First when one moves from the context of the trivial ascertainment of knowledge and into an arena wherein a population of stakeholders is placed at risk; say for example as in the case of broadscale deployment of a pesticide or an energy emitting system – the level of rigor in epistemology required increases substantially. One can see this under the column ‘Objective Risk modus absens‘. Here the null hypothesis shifts to the assumed presence of risk, not its absence (the precautionary principle). In other words, in order to prove to the world that your product is safe, it is not sufficient to simply publish a couple Hempel’s Paradox inductive studies. The risk involved in a miscall is too high. Through the rapid deployment of technology, society can outrun our ability to competently use or maintain that technology safely – as might be evidenced by nuclear weapons or a large dam project in a third world nation which does not have the educational nor labor resources to support operation of the dam. When we as a corporate technology culture are moving so fast that our pace outdistances our headlights – risk concatenates or snowballs.

Example:  5G is a promising and powerful technology. I love the accessibility and speeds it offers. However there is legitimate concern that it may suffer being deployed well before we know enough about this type of pervasive radiation impact on human and animal physiology. A wave of the indignant corporate hand, and inchoate appointment of the same skeptics who defended Vioxx and Glyphosate, is not sufficient scientific diligence. If I see the same old tired skeptics being dragged out to defend 5G – that is my warning sign that the powers deploying it, have no idea what they are doing. I am all for 5G – but I want scientific deductive rigor (modus absens) in its offing.

Risk Type II: Headlamps Not Bright Enough

Extensive Risk Horizon (High State of Domain Epistemological Risk)

Second and moreover, this problem exacerbates when the topic suffers from a high state of epistemological domain risk. In other words, there exist a high number of critical paths of consideration, along with a high degree of sensitive and influencing factors – very few of which we have examined nor understand sufficiently. Inside this realm of deliberation, induction under the Popper Demarcation of Science not only will not prove out the safety of our product, but we run a high risk of not possessing enough knowledge to even know how to test our product adequately for its safety to begin with. The domain epistemological risk is high. When a corporate technology is pushed onto the public at large under such a circumstance, this can be indicative of greed, malice or oppression. Risk herein becomes exponential. A technology company facing this type of risk strategy challenge, needs to have its legal counsel present at its piloting and closing sessions.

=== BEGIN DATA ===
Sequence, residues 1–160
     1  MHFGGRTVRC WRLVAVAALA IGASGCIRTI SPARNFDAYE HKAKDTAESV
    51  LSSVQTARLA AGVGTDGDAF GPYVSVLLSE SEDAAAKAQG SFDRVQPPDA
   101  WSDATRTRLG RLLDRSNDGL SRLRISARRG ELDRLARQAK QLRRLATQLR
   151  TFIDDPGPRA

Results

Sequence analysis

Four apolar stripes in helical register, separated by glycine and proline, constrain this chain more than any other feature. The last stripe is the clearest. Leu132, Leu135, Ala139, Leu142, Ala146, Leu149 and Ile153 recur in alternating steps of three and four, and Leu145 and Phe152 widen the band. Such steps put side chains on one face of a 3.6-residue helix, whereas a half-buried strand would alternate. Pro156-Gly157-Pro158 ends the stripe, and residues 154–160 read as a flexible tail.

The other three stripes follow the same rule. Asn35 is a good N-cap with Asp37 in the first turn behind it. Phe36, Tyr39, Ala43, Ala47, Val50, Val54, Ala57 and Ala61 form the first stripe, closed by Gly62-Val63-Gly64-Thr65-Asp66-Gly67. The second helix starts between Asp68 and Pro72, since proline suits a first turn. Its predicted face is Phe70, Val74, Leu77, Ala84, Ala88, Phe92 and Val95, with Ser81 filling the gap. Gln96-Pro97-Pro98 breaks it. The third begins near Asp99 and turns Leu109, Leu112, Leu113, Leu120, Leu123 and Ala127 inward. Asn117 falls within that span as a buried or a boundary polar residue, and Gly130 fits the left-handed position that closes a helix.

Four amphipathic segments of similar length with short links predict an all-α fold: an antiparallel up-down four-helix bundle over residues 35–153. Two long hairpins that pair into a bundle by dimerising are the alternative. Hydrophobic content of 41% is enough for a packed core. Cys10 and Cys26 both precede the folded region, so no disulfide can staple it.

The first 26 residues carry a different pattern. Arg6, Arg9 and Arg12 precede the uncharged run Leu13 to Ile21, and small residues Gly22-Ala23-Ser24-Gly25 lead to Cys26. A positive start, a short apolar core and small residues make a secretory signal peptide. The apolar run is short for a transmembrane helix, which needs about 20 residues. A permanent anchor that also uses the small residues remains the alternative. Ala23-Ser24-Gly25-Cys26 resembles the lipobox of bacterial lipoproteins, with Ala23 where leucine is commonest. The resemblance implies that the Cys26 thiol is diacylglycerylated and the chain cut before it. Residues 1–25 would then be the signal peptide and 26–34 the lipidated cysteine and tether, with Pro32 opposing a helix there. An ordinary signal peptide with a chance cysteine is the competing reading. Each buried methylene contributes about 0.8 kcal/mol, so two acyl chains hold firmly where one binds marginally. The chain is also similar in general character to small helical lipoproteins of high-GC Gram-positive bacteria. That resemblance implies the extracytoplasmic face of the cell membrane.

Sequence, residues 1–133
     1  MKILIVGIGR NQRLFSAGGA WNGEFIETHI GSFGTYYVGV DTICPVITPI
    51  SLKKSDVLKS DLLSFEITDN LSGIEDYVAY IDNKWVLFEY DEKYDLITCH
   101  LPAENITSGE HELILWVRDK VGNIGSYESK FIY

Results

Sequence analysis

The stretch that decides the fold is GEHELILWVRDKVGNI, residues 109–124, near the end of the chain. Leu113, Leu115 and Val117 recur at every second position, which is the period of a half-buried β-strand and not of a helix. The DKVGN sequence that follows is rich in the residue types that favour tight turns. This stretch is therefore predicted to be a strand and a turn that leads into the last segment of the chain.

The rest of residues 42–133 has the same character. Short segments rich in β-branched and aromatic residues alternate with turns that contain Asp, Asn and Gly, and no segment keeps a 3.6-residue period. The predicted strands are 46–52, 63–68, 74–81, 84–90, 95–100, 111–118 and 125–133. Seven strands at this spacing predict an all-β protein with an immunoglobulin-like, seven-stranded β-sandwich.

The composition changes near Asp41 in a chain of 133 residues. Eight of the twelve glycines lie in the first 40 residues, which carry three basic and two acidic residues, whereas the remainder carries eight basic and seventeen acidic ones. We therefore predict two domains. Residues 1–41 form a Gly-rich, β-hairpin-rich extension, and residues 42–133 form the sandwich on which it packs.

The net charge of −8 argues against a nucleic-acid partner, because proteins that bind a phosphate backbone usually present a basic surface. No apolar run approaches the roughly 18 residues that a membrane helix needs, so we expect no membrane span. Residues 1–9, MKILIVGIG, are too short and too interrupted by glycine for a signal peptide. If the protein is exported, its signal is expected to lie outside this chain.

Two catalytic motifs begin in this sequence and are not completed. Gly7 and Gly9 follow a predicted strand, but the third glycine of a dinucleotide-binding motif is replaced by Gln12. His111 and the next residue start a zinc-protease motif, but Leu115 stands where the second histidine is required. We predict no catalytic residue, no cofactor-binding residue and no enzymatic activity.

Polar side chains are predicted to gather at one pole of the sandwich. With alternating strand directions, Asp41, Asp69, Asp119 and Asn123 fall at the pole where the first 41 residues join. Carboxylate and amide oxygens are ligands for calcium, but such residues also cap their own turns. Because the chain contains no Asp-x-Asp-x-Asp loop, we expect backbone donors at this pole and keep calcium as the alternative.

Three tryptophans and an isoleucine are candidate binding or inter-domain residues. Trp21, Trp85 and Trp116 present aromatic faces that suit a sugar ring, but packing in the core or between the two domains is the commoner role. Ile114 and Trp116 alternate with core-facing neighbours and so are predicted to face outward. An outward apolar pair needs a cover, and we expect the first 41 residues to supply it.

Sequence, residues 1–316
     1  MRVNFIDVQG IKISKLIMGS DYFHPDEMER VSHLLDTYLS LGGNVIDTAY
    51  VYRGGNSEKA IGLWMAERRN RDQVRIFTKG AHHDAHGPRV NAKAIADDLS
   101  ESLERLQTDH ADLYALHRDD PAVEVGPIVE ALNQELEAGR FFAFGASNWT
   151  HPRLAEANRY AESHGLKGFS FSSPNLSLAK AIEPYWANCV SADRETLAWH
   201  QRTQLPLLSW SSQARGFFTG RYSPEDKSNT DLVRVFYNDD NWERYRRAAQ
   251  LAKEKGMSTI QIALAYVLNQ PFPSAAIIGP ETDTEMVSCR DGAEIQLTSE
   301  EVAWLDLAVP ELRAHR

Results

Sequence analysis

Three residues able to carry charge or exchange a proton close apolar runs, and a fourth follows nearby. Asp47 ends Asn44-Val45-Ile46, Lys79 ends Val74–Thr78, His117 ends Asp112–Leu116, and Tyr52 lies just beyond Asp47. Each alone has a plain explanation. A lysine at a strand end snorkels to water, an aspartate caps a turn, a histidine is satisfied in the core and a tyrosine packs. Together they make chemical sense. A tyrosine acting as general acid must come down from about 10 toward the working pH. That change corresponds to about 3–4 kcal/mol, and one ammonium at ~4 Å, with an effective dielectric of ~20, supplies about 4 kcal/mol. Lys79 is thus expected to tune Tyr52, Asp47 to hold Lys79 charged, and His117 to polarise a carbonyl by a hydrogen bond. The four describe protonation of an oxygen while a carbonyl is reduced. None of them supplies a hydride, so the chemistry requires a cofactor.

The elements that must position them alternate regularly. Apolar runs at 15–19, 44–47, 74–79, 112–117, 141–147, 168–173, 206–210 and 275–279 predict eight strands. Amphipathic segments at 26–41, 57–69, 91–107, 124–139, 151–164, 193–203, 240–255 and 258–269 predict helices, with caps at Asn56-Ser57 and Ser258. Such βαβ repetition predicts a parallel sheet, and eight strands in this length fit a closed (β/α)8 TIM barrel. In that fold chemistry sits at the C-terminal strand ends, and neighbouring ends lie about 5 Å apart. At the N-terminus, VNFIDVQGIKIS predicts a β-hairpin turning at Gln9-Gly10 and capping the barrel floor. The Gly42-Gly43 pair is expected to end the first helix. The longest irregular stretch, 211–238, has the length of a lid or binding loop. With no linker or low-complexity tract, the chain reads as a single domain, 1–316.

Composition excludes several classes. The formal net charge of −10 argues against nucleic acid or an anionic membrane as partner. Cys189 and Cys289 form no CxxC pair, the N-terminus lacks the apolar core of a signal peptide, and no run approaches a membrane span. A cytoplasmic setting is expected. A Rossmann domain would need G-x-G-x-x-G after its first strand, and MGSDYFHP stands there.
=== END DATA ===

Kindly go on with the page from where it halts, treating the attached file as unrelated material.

Example: Vaccines offer a beneficial bulwark against infectious diseases. Most vaccines work. However there is legitimate concern that we have not measured their impact in terms of unintended health consequences – both as individual treatments and as treatments in groups, nor at the ages administered. There exists a consilience (Consilient Induction modus praesens) of stark warning indicators that vaccines may be impacting the autoimmune, cognitive and emotional well being of our children.

We do not possess the knowledge which will allow us to deductively prove that our vaccines do not carry such unintended consequences. If one cites this as a condition which allows for exemption from having to conduct such study – such a disposition is shown in the chart above to constitute malice. When domain epistemological risk is high, and an authority which stands to derive power or profits from deployment of a technology inside that domain, applies it by means of less-than-rigorous science (eg. linear induction used to infer safety of vaccines), this constitutes a condition of malice on the part of that authority.

Such conditions where society is either outrunning its headlights, or does not maintain bright enough headlamps, is what we as ethical skeptics must watch for. We must be able to discern the good-cop/bad-cop masquerade, the posturing poseur used car salesmen of science, and the stop the charade which makes a farce of science, injures our children or serves to harm us all.

     How to MLA cite this article:

The Ethical Skeptic, “Epistemological Domain and Objective Risk”; The Ethical Skeptic, WordPress, 23 May 2019; Web, https://wp.me/p17q0e-9ME

May 23, 2019 Posted by | Ethical Skepticism | , , | 2 Comments